Doug Kohrs, a biomedical engineer who arrived in Minnesota from Texas 22 years ago, is calling it a career in active management. He’s served as a founder and top executive at Spine-Tech and as CEO of American Medical Systems and Tornier, the Netherlands-based orthopedic implant company that he took over in 2006. Kohrs ran Tornier between Amsterdam and a North American headquarters in Bloomington that grew from just him to 150 employees.

Sean Carney, the chairman of Tornier, credited Kohrs with building the company, once a family-run operation, by taking it public in 2011, navigating a big 2012 acquisition and “expanding our international footprint, core capabilities and the innovation pipeline.”

Kohrs, 55, has handed over the baton to his successor at Tornier, but he remains active. He just joined the board of Proto Labs, Minnesota’s best-performing initial public offering of recent years. And he sits on several other private-company boards.

“I plan to help other companies and help the local community and really give back in appreciation of all the support I was given since I arrived in Minnesota,’’ Kohrs said last week. “My wife and I aren’t from Minnesota, but we’re staying in Minnesota.”

Without getting into detail, Kohrs, said he and several associates plan to incorporate and fund what will be called the Foundation for Essential Needs, including a website that make grants to non­profits such as Volunteers Enlisted to Assist People (VEAP), one of his charities over the years.

“We will support organizations like VEAP that help low-income families with emergency needs and try to help stabilize their economic situation,” Kohrs said. “We’ll fund organizations and ideas for helping the working poor. I’m going to do this in addition to what my wife and I have always done.”

Kohrs, a Republican, also led the medical research-and-business effort on behalf of Minnesota Life Science Alley against the GOP-led legislative attempt in 2011 to ban “reproductive cloning” with a bill that could have halted therapeutic stem-cell research and potential cures for a host of diseases. Kohrs called the attempt anti-health and anti-business.

American Medical Systems and Spine-Tech, once fledgling concerns, were built into larger, very successful public companies that sold to global companies at nice premiums.

“It was always a team effort,” Kohrs said.

stratasys unit redeye to use 3d printing to build car

RedEye On Demand, a Stratasys business, has been selected by Winnipeg-based KOR EcoLogic to build the first 3D-printed, production-ready car, the Urban Electric vehicle, dubbed URBEE 2.

If nothing else, the project backers say the URBEE 2 illustrates how far technologies such as rapid prototyping and 3D printing are changing manufacturing.

RedEye, which also produced the prototype of URBEE 1, is “printing” the car through “fused deposition modeling.” The parts are being produced at RedEye’s Eden Prairie facility.

KOR EcoLogic, founded by veteran engineer Jim Kor, is a big reason why RedEye’s sales grew 25 percent last year. RedEye works with customers who don’t want to purchase their own printer.

The URBEE 2, still in development, follows the first version that Stratasys says proved that 3D printing could produce large, strong parts that meet high-tolerance specifications of a car body. URBEE 2 will incorporate features such as a functioning heater, windshield wipers and mirrors, the partners say. Kor’s team is designing computer-aided-design files that are transmitted to Red Eye for thermoplastic layering from the bottom up, yielding parts “that are durable, precise and repeatable.”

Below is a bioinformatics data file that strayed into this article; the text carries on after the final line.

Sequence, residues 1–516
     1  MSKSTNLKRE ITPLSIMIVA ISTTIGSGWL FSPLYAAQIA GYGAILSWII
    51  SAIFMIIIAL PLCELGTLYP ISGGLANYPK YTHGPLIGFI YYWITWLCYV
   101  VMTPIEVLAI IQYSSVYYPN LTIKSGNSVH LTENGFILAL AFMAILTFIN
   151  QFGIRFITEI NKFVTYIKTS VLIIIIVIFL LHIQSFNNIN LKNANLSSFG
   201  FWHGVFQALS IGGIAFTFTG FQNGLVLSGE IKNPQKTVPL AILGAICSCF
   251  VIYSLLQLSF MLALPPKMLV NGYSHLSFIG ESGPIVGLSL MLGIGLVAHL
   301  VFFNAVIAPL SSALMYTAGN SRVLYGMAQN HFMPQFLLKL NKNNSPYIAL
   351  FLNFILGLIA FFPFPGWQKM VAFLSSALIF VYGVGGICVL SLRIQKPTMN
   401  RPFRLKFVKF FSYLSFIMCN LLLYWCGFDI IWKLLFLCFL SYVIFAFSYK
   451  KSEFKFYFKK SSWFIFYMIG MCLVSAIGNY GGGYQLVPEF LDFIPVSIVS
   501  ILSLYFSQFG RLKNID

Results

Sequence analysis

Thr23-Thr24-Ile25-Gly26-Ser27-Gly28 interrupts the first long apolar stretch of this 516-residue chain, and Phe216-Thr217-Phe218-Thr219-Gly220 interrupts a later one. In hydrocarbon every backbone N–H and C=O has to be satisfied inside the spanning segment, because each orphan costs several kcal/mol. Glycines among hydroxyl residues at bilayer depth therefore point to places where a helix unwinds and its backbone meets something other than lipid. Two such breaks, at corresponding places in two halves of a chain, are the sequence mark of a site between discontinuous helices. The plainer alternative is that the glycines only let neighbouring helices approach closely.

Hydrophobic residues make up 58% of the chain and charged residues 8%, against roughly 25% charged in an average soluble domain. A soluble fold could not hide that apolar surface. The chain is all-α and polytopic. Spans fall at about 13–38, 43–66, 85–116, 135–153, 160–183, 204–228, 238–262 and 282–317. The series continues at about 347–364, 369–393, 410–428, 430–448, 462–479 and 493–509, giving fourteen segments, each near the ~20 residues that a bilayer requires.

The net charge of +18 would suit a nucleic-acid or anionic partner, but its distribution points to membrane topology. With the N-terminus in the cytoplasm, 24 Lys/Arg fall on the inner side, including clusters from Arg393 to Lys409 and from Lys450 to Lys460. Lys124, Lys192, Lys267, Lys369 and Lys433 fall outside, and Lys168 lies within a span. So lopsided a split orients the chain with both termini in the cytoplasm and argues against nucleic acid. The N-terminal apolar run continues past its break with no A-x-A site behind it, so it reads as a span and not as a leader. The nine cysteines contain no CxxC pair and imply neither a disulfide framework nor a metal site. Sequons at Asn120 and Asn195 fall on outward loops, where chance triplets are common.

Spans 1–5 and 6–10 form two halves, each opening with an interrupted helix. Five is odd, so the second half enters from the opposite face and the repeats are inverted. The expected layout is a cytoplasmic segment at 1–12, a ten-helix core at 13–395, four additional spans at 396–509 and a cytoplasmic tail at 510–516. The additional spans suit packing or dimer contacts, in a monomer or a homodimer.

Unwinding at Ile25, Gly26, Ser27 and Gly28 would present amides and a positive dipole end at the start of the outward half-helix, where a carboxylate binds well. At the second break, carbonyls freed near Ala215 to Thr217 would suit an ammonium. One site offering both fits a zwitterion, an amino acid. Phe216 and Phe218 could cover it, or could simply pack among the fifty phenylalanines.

The two-passenger, 1,200-pound vehicle will be built from 40 3D-printed parts compared to hundreds in the average car. The vehicle is being designed so that it will be able to cross the country at speeds of up to 70 miles per hour on batteries and 10 gallons of ethanol.

Kor, which has yet to announce a production timetable, said URBEE 2’s innovation lies in common materials and components that reduce fuel by minimizing weight, drag and resistance.

vanilla strategy for madagascar


General Mills Inc. sources all of its vanilla for globe-spanning Haagen-Dazs ice cream from Madagascar, the African island nation that produces 80 percent of that critical flavoring. With that in mind, the Golden Valley-based company this week said it will invest $125,000 over two years in Madagascar to help vanilla farmers improve yields and bolster crops in order to increase their incomes.

Vanilla comes from an orchid that yields a green pod. Most vanilla farmers simply sell the green pods for further processing, said Jerry Lynch, General Mills’ chief sustainability officer. General Mills’ program is aimed partly at getting farmers to also cure the pods, which turns them brown and aromatic, as a way to add value.

General Mills relies on Sava, a small region in northern Madagascar, for its vanilla. Farmers there are primarily small growers dependent on the labor-intensive crop.

The vanilla effort is part of General Mills’ broader sustainable sourcing program. The company will team with its vanilla supplier, Virginia Dare, and the humanitarian organization CARE. General Mills also funds research at the University of California, Davis, to map the vanilla genome and lay the foundation for breeding improvements.